Is the mass communication of serials and daily soaps intentionally used to derail, sustain or expand the norms and values of society? It can help us grasp the meanings of the world that our television sets portray, and the ways they influence our reality when we switch-off the television set. Irrespective of the Channel or the show, we retain more than the entertainment value!
Television Rating Points (TRP) guide the choice and topic of shows because of its capability to fuel advertising money into channels; the survival of global trade is contingent on common consumption practices and creation of new markets. Creating a common set of values is a way that marketing and media makers thrive. They will tell you that a message is never more convincing than when it’s subtle, and communicated with subterfuge; this successful trick is called ‘framing’. Ask any family planning worker: in order to get people to consider having fewer children, they must present the issue within the context of great sex. Star plus is a good illustration of the ‘intentional-influencing’ and value monopolizing surrounding its role in US and UK politics.
The cultural artifacts which have been identified as a way the older cultures like India have maintained their unique identity are not easy to smudge, but the aspects of Holi Festival on the different special episodes were half way successful. The Holi special on Sasural Genda Phool portrayed Holi as Halloween: costume(y), contrived, and conceptualized to make the festival of colors be a side bar to a “Party” theme of the festival. The episodes did not dwell on the religious significance or cultural background of the festival, and did not discuss the important meaning of Holi for the larger Hindu populations. Instead ‘Sholay,’ the all-time Movie favorite like “Star Wars” is in America, forms the background to Holi festivities. The big party at the farm house is attended only by family members, much like Thanksgiving and Christmas in the US, which emphasize family togetherness during holidays. The depiction failed to portray the ethos of Holi and Diwali as a celebration of community where neighbors and friends gather. In Sasural Genda Phool, the Kashyap family leaves to celebrate at a farmhouse, leaving the older women at home because they are apparently too old to be participating in “fun”. The scene is reminiscent of American culture, which isolates and excludes the older people, leading many to hospice and homes for the elderly. The ethos of Indian inclusivity and coexistence of generational gaps is glossed over when the Kashyap family leaves behind the two older women and lets them spend the day on their own.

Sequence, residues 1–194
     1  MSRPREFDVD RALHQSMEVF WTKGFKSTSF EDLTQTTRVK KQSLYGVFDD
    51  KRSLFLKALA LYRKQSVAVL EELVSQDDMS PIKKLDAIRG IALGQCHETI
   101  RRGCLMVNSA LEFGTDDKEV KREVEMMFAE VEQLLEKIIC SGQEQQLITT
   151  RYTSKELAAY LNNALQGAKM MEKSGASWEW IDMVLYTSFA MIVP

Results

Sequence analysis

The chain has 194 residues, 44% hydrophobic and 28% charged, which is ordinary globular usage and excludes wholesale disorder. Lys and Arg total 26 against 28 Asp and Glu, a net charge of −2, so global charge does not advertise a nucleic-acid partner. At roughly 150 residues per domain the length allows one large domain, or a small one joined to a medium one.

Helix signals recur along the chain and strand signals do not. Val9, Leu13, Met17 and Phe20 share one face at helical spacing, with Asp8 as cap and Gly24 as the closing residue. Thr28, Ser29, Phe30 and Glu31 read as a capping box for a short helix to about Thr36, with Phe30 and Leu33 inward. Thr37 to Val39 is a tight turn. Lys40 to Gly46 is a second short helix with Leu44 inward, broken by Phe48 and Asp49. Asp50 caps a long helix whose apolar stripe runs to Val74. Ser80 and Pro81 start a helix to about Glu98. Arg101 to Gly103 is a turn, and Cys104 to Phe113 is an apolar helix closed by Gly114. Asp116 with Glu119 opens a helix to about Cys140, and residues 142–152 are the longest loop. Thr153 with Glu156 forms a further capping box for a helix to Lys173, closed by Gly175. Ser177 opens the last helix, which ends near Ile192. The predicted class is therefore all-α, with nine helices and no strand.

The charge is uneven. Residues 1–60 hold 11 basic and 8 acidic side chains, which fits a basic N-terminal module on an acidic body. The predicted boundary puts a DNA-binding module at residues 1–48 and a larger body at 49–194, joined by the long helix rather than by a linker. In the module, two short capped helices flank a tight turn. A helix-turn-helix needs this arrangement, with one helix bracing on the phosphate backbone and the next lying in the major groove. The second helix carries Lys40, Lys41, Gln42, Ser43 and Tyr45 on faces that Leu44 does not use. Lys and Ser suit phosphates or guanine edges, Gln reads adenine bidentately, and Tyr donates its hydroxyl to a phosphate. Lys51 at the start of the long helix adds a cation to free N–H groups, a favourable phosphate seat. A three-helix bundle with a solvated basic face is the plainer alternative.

There were also no sweets to be made on Holi: the Gujhiyas, laddoos, senv, and all the delicacies transformed into a discussion on making a good lunch of pulao by the older women. And then as an icing on cake, the festival that has been symbolic of the cultural peace and amity is instead depicted as a day when everyone fights. Across the Star Plus serials, holi is played by putting a three finger spectacle on each cheek, which reminds one of the chalk and body paint that football and baseball fans put on their cheeks. In Saathiya, the servant girl does not get any tika at all….the no class barrier of holi as one more lost cultural artifact….The serial also trends towards neglecting the neighborhood-feel. There is no aas-pados or quintessential neighborhood in the Star Plus serials, only one family. Compared to Zee or Sony where the neighborhood is important to the main characters, the Western/ American Cosmopolitan exclusivity and non- neighborliness of middle class suburbia is the norm in most Star Plus serials. The message of Holi, Bura na mano Holi hai was lost. The message of inclusivity, community, and all the ethnic flavors were lost in translation. Instead, the more cosmopolitan themes of intoxication and physical intimacy found a place in “Iss Pyar Ko Kya Naam Den” and Sathiya. The values of alcohol buzz, bhang and sex as rudiments of fun where emphasized: much more familiar to western audiences.
The subtleties with which behavior norms and beliefs are portrayed on television soaps and serials have a far-reaching effect. People are still talking about being an ideal bahu like the one portrayed by Smriti Irani in the serial Saas Bhi Kabhi Bahu Thee. A lot has changed since the sporadic success of shows like Hum log and Ramayan. Cable television now reaches 130 million plus households (out of 224 million). It is also arguable that the scope and nature of television’s influence extends far and wide, as seen by the successful Anaa Hazare movement. Additionally, unlike the 24/7 news coverage of the Anna movement, the sustained messaging framed in soap and serials is equally as influential